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Making AI a Part of your Company Culture

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With the level of disruption that the Covid-19 pandemic has had on businesses, it's no surprise that one of the most significant changes companies face is the shift to a more automated business model. Supply chains have shifted and adapted. Traditional storefronts have moved online, and software as a service or SaaS providers have popped up seemingly overnight to support these global changes. Companies that resisted pre-Covid technological business advantages have suffered or failed altogether. Despite a little shaken, those left standing are in a race to AI and the most efficient ways to manage the large amounts of data that the shift to digital business provides.

Access to large amounts of unprocessed business data, such as demographics, sales information, and CRM software, has rapidly created the need for consolidated data services. Without the ability to translate the raw data collected into actionable information, once again, businesses run the risk of failing to keep up with competitors who squeeze every ounce of efficiency from the data they collect.

The answer to drowning in our disjointed data and the catalyst for the business landscape shift is AI. And while it may be technically simple enough to adopt a new AI software for your company to streamline your sales efforts, this doesn't mean that your company culture is ready to use the information well.

Monolithic corporate structures that once stood tall thrived in a world where buying something required a trip to the store or sending a message needed one or several pieces of paper. If the message was for more than one person... let's say it wasn't very efficient. This is an extreme example, of course. Most businesses have fully adopted email, at least at this point. However, the same business structures that courted this antiquated way of doing business still have lasting effects that business leaders must acknowledge if they plan to shake off any dead weight and become as adaptable as possible in a time of rapid growth.

One of the most extensive considerations that businesses have felt is the newest generation to enter the workforce. Many companies have struggled to keep up with the labor force shift to ensure their companies present GenZ workers opportunities to thrive.

Luckily, this ties hand in hand with technological development. While older, more experienced business leaders might juggle the different technical aspects of AI software to change a company's operational system, digital natives and younger generational employees have a much easier time adopting and adapting the technology. In this sense, any software choices should increase business efficiency on the back end and for new generations of workers who will use this technology from now on.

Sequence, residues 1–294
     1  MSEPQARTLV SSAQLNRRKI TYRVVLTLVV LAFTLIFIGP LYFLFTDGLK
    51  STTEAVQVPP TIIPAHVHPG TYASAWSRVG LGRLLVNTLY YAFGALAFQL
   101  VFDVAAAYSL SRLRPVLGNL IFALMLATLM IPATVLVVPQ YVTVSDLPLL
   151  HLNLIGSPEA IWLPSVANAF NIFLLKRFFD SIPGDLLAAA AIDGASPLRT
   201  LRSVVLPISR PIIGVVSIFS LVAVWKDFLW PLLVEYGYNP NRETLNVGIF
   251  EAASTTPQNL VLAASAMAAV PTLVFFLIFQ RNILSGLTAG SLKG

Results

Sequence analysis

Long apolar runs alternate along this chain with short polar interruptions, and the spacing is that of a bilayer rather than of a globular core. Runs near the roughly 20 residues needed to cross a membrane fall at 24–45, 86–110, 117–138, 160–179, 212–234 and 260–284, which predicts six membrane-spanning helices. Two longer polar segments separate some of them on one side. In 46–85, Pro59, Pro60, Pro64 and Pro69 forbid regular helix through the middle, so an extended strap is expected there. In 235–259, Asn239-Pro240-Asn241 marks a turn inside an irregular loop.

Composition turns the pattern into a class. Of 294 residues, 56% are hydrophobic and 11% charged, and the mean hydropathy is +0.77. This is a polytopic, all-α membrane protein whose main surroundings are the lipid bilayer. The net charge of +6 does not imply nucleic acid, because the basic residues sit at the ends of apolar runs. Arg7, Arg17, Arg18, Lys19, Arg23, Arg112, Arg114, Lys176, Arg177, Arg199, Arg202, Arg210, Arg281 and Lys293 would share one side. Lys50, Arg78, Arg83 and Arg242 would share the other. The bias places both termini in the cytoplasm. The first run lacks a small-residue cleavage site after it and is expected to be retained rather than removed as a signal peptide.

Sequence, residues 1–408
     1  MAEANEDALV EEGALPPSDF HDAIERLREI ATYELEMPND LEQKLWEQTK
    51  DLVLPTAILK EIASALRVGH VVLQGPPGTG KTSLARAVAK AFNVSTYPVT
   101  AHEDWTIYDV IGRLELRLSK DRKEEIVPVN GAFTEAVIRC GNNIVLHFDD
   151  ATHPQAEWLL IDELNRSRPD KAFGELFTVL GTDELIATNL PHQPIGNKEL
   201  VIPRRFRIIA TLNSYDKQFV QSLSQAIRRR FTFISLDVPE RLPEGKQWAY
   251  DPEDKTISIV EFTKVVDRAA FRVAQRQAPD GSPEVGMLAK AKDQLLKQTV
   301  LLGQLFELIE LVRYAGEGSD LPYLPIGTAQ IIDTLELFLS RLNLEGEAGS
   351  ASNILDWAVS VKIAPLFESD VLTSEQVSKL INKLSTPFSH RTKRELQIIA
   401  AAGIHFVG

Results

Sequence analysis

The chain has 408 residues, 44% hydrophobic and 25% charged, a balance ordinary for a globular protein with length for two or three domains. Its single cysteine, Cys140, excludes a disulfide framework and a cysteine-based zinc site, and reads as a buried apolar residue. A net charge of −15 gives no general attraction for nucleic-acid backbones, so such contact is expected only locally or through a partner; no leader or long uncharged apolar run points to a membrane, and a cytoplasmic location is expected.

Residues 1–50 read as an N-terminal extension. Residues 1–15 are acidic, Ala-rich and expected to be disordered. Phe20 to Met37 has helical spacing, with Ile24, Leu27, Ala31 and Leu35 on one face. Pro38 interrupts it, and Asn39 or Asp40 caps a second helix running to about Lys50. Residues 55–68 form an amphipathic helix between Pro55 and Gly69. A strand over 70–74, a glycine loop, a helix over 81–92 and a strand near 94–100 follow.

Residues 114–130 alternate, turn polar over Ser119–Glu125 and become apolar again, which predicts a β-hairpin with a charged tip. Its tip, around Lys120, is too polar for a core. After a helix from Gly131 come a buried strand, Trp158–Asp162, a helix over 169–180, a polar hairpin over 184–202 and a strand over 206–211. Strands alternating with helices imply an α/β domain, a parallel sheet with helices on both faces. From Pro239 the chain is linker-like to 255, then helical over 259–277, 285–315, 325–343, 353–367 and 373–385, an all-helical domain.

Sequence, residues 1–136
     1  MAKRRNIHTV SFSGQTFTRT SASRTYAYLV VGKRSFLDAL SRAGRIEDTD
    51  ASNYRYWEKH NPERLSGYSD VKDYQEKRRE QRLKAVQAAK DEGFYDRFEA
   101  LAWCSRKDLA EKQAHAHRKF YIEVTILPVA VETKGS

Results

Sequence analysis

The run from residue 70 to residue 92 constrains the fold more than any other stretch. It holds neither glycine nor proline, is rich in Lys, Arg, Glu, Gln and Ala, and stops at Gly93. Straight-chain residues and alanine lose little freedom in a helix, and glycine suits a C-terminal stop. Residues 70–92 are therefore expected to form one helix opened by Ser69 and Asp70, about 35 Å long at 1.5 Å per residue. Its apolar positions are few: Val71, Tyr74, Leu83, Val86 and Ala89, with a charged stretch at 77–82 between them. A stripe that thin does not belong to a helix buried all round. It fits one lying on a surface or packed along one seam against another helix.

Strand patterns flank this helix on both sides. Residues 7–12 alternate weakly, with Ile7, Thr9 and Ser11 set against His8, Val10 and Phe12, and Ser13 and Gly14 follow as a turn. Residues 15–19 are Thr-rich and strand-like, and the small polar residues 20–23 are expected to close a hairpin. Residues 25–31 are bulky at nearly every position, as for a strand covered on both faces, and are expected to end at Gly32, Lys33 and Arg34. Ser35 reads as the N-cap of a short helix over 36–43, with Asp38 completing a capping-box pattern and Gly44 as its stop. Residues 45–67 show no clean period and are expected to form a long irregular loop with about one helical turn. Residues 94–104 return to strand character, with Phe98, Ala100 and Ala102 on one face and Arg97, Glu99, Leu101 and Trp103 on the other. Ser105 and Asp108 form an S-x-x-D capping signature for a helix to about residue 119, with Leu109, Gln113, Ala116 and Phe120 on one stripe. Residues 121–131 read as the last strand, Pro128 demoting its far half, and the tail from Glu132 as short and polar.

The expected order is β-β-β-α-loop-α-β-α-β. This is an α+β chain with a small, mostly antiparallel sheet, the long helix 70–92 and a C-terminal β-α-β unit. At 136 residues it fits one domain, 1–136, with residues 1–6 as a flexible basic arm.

Will you have to rebuild your IT infrastructure every time your company decides to use new software? Does your framework allow for the integration of several services, all designed to collect critical business data? Working towards this goal will provide peace of mind and flexibility to corporate leaders adapting to rapid technological changes. According to the report by Cohesity, The State of Data Management, more than 40 % of IT professionals spend too much time managing data infrastructure instead of working on more critical projects. All things that data management as a service or DMaaS coupled with AI intend to remedy.

With increased efficiency on the business end and useful data in hand, this leaves the more human dynamic of a corporate structure that needs to be reevaluated. What does your vertical communication structure look like? Is there a culture gap that separates management staff from an employee in a very post-industrial age fashion, or is communication and approachability fluid and open?

Especially for the younger side of the workforce, understanding the work's impact can be a huge factor in employee satisfaction and employee retention rates. This can also easily be accomplished if management teams' goals and expectations are integrated to work towards a singular purpose. All employees from CEO to entry-level positions should hold a level of personal responsibility. Employers will need to trust and share plans and information with their teams. Executive employees must also be willing to take personal responsibility for projects at a "lower" level of the company so that a sense of overall unity and cohesive effort becomes the norm.

Stretching the chain of command out in this horizontal structure versus a strict vertical system isn't just for making everyone feel more comfortable and friendly either. Leadership hierarchies that tend to be more horizontally structured allow for team creativity and efficiency to flourish in ways that vertical structures don’t by nature. Companies that have a more evenly spread leadership structure also share and manage data more efficiently, which is the goal of integrating AI. Having a business culture to match these needs is critical in AI integration.

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